Peritraumatic Distress Mediates the Effect of Severity of Disaster Exposure on Perinatal Depression: The Iowa Flood Study

J Trauma Stress. 2015 Dec;28(6):515-22. doi: 10.1002/jts.22056. Epub 2015 Nov 19.


Disaster exposure during pregnancy has received limited attention. This study examined the impact of the 2008 Iowa Floods on perinatal maternal depression and well-being, and the role of peritraumatic distress as a possible mechanism explaining this link. Perinatal women (N = 171) completed measures of depressive symptoms and general well-being at 5 timepoints from pregnancy to 30 months postpartum. Objectively assessed prenatal flood exposure was associated with greater depression (r = .15). Further, flood-related peritraumatic distress was uniquely associated with greater depression (r = .23), and was a key mechanism through which flood exposure led to depression. Prenatal flood exposure was also associated with general well-being (r = .18); however, a mechanism other than peritraumatic distress appears to have been responsible for the effect of flood exposure on well-being. We discuss the implications of these findings for informing etiological models and enhancing the efficacy of interventions for maternal psychopathology.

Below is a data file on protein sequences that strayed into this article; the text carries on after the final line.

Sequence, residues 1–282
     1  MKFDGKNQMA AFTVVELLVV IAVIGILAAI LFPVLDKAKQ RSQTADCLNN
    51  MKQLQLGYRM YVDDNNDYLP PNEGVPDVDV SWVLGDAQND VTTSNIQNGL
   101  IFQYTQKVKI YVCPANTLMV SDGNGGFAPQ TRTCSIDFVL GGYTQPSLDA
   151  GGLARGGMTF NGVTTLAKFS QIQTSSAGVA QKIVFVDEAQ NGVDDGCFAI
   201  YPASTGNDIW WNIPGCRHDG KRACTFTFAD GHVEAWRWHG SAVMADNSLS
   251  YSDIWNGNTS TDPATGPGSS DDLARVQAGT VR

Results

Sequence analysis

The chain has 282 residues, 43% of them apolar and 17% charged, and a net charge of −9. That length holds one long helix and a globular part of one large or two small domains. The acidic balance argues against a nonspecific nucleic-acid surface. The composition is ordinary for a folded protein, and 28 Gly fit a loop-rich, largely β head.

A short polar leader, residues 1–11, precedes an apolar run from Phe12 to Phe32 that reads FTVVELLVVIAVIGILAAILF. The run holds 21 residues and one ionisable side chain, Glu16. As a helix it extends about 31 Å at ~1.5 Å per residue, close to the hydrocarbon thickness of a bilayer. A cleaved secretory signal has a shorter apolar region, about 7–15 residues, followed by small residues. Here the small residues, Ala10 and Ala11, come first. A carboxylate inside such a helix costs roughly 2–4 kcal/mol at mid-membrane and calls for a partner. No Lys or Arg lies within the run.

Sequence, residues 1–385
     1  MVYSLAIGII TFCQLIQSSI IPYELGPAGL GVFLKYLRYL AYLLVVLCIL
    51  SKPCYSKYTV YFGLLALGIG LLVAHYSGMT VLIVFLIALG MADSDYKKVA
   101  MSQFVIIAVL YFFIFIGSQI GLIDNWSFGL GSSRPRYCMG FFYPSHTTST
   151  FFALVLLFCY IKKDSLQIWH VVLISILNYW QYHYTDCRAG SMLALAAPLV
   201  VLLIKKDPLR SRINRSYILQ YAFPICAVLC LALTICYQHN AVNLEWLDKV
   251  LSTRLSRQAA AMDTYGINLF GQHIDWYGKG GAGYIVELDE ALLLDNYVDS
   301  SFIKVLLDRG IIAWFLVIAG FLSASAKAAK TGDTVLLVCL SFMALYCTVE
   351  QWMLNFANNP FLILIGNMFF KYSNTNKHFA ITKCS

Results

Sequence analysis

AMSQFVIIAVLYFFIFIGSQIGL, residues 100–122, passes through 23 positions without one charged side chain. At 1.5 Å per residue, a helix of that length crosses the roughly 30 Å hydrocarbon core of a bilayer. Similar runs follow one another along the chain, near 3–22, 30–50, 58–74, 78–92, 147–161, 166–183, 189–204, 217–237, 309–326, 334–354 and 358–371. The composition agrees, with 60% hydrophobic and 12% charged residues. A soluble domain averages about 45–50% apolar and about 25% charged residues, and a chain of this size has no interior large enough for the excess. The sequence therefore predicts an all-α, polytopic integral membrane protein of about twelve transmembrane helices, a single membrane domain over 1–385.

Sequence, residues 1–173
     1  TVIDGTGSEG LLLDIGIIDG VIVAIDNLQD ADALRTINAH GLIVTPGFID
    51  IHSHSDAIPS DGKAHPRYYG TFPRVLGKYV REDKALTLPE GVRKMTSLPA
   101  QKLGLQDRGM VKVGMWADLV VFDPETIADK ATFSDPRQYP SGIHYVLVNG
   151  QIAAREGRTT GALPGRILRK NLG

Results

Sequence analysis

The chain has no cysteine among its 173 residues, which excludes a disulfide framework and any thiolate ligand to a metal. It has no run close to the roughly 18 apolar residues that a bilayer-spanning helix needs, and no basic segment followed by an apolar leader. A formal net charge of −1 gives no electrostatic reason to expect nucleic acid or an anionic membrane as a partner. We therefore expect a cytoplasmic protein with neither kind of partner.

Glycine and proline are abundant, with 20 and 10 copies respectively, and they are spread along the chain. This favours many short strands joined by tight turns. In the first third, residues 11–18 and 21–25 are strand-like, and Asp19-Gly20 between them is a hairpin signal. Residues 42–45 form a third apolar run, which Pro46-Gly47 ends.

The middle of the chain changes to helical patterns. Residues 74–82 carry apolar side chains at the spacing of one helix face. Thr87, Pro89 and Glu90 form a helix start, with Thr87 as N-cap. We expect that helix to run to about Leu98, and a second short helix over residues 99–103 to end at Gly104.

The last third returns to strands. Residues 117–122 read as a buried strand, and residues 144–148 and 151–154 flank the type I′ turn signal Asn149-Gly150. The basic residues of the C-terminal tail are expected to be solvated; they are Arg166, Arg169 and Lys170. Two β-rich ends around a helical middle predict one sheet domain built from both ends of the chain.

Publication types

  • Research Support, N.I.H., Extramural
  • Research Support, Non-U.S. Gov't

MeSH terms

  • Adult
  • Depression, Postpartum / etiology
  • Depression, Postpartum / psychology
  • Depressive Disorder / etiology
  • Depressive Disorder / psychology*
  • Disasters*
  • Female
  • Floods*
  • Humans
  • Iowa
  • Perinatology
  • Pregnancy
  • Pregnancy Complications / etiology
  • Pregnancy Complications / physiopathology
  • Pregnancy Complications / psychology*
  • Pregnant Women / psychology*
  • Stress Disorders, Traumatic / etiology
  • Stress Disorders, Traumatic / physiopathology
  • Stress Disorders, Traumatic / psychology*